Monday, November 30, 2020

Monster Design: the Behemoth

We set out to design the behemoth because we had never created a boss monster before. An interesting problem to be sure; a boss monster is more than a big stat block with legendary actions. A boss monster is an experience, a defining feature of a campaign, something you spend sessions tracking before a huge fight. Or, you know, it’s a pretty fun one shot. Either way, one only needs to look at the Curse of Strahd module to understand just how campaign-defining a boss monster can be. Now I know my limits - I can’t make Strahd. I can, however, make a pretty sweet boss monster.

The behemoth, named after the biblical beast, is an unstoppable force of nature. It’s the ultimate apex predator. This concept intrigued me; there’s no reasoning with the behemoth, and there’s no subterfuge. There’s only simple destruction and hunger. I picture a group of adventurers coming across an empty town, with only a large path of footprints to tell the story that took place. That’s the kind of scenario a good boss monster creates!

Monday, November 23, 2020

Monster - the Behemoth

In the wild, each layer of a food chain gets smaller, as the creatures in each layer get hungrier. There are hordes of rabbits and minnows in the wild, but fewer foxes and salmon, and even fewer bears. As the predators become more fearsome, their appetite becomes more and more demanding for an ecosystem to support, so it can only support a few of the most dangerous creatures. And so, we present the Behemoth, the ultimate capstone to every food chain; a singular predator, with a truly endless appetite. Next on the menu, your adventuring party.

We hope enjoy running this high level boss monster as much as we enjoyed testing it. If you're feeling generous, we take tips over on Ko-fi, and let us know what sorts of brews you want to see coming up!

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Monday, November 16, 2020

Subclass Design: How I Did It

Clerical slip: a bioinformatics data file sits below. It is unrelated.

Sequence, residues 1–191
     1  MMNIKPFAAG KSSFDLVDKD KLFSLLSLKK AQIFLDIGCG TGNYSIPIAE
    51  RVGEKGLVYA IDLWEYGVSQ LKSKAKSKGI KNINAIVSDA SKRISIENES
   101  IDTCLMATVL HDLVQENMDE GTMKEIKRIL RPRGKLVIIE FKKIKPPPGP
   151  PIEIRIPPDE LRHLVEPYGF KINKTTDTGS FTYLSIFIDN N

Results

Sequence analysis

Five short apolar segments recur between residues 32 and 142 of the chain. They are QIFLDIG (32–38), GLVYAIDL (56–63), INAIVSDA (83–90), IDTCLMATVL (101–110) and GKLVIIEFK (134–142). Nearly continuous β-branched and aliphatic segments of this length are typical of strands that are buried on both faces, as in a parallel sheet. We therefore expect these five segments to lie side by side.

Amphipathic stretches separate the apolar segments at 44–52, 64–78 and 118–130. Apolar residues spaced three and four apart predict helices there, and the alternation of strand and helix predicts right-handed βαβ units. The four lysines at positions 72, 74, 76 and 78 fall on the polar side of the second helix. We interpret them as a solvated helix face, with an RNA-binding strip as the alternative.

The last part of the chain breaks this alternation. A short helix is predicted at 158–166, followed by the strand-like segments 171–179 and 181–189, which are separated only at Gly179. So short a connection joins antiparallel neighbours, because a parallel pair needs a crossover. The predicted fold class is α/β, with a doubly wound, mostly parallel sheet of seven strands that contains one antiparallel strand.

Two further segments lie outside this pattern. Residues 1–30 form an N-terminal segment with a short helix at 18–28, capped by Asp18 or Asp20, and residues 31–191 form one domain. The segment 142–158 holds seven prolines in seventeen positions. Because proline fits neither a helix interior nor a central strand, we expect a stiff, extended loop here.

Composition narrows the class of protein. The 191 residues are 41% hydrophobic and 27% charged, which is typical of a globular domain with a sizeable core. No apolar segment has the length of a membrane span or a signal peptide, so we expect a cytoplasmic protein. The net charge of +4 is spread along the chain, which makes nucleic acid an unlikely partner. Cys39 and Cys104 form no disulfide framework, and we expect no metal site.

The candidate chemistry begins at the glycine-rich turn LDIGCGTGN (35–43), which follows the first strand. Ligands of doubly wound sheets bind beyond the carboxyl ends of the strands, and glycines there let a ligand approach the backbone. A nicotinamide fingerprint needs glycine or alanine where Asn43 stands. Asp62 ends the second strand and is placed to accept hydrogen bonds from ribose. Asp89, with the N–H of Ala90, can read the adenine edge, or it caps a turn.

Originally named the ‘Doctor’ Rogue during testing, the Stitcher took on new flavor as we began publishing. What originally began as a plague doctor was expanded to encompass the archetype of a back-alley surgeon or a Frankenstein-esque figure. Here’s the details on our thought process surrounding the design.


First Aid is pretty self-explanatory: it’s a sort of ‘Fast Hands’ for healers. Things get more interesting with Patchwork, which uses Hit Die as a resource to heal your allies. We knew we didn’t want this class to ‘magically’ restore hit points, so we decided that the healing needed to expend some kind of resource and not just appear from thin air. Expending the Hit Dice of other creatures seemed to be an elegant way to accomplish this.

Monday, November 9, 2020

Rogue Subclass - The Stitcher

Get to stichin' your friends back together the good old fashioned way with this Roguish archetype, the Stitcher! Tired of relying on magic to heal your friends, inspect bodies, and apply crippling debuffs? Then this doctor of dubious certification is a perfect fit for you! After your alleyway surgery business takes off, be sure and come back and share the love by sending us some of your gruesomely-gotten gains on Ko-fi. Sewer rent ain't cheap, and we always appreciate the support!

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Monday, November 2, 2020

Designing Races: Building a Better Boneman

Hello again, everyone. Thank you for the great response we’ve seen for the Wakeful already! It’s good to know our work is appreciated, so thanks for that. If you’re feeling generous, feel free to support our efforts on Ko-fi. Also, be sure to follow us on Twitter so you get updates on our work as it comes out!

Today, I want to talk about how we created the wakeful, and what drove them toward the state they ended up in. Hopefully it’ll give you some insight into how we test player races, and how 5E balance informs even the little details of the game’s design.

The wakeful began as a part of a larger project I’ve been working on for a long time now, a massive city-setting, in which the wakeful are created in the aftermath of a calamity early in that realm’s history. As a result, the first major step in making them for Cubicles was to write the lore as realm/setting neutral, so that a DM looking to use it wouldn’t need to work in too much background adaptation to make them appropriately fit into whatever game they would be running.


In addition, since they already existed in a fairly complete form within the setting I’d written, writing the wakeful as a player race was more like adapting them than it was like writing something new. Instead of deciding what to make and what it ought to be able to do, I already knew exactly what a typical wakeful skeleton was capable of, and just needed to translate it into the rules of 5E.